Hi! I am Dave Walker a third-generation Coloradan. I grew up in Englewood, Colorado and was introduced to the Colorado outdoors at an early age. I began fishing with my father before I can remember, and at the age of eight, my brother introduced me to mountaineering. I developed a passion for the natural world that continues to this day.
I began working as an arborist in 1986 in Rhinebeck, New York, and although I loved the work, I really didn’t care for New York. So, I moved back to Colorado to attend graduate school in geology. I earned my M.S. in geochemistry from CU in 1992, and worked for several years as an environmental consultant for a company in Boulder, but was always dreaming of going back to the best job I ever had – tree climbing.
Arborists have a very dangerous job, and there are lots of safer professions that pay much better – environmental consulting is one. But, trees are my passion, and after a while, you have to follow your heart. So, I opened Walker Tree Care, LLC in 2002, and never looked back.
Shortly after opening this business, I became a Certified Arborist by the International Society of Arboriculture (ISA) , and have continued to build my credentials in the tree industry. I am now a Qualified Supervisor with a license to apply pesticides to ornamental plants issued by the Colorado Department of Agriculture, and I am an ISA Qualified Tree Risk Assessor.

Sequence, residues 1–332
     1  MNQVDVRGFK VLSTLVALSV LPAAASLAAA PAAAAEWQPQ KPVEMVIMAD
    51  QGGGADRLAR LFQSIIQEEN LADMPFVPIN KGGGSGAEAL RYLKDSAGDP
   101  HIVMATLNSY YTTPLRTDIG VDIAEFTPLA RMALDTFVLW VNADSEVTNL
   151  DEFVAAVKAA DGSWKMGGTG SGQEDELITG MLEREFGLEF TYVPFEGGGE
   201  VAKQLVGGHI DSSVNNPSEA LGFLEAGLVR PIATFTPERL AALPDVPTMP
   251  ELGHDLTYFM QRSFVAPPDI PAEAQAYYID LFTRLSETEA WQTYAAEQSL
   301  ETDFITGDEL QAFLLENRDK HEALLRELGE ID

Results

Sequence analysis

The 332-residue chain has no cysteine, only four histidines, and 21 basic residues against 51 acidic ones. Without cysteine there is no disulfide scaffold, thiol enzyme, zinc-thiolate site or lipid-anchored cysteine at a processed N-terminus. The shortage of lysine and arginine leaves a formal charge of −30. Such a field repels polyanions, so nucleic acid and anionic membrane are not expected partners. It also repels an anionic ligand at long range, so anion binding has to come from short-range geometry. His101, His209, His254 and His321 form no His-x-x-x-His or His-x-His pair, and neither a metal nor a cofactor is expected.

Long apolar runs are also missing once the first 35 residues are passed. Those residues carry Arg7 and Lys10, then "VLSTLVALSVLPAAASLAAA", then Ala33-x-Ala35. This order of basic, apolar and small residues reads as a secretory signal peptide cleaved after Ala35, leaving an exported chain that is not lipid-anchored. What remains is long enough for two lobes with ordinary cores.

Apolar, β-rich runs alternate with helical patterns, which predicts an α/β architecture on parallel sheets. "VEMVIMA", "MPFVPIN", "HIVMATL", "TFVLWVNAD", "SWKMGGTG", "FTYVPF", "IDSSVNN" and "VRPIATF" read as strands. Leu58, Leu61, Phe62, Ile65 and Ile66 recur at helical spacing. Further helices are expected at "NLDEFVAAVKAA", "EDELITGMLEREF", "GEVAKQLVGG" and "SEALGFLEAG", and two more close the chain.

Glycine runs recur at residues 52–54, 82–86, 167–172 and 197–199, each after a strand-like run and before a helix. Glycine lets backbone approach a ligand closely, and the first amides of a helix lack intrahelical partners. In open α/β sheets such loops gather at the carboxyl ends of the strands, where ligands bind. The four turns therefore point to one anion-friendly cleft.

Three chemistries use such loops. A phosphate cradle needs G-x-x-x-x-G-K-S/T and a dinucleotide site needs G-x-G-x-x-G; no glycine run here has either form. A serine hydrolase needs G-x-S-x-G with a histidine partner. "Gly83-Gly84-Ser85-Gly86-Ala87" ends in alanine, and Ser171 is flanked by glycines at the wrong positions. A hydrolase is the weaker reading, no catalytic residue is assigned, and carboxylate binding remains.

A few years ago, my old environmental company called me up because they had an interesting project in the Amazon Rain Forest of Ecuador. They had a contract to install canopy bridges across roadways and oil pipelines in the oil fields there so that monkeys and other animals could migrate normally despite the changes to their environment. They needed an environmental scientist that could climb trees, and I was the first person they thought of. Naturally, I jumped at the opportunity, and made six trips over 3 years.
The first two trips were to install 11 bridges, and several motion-sensing cameras on the bridges. The remaining trips were to change batteries and memory cards in the cameras.
We didn’t see any animals on the bridges for about 2 years, but in the last six months of the project we collected over 1000 pictures of monkeys on the bridges. Walsh Ecuador and Petroamazonas (the Ecuadorian oil company we were working for) were given an award by the Energy Institute of London for innovations in the energy industry for this project.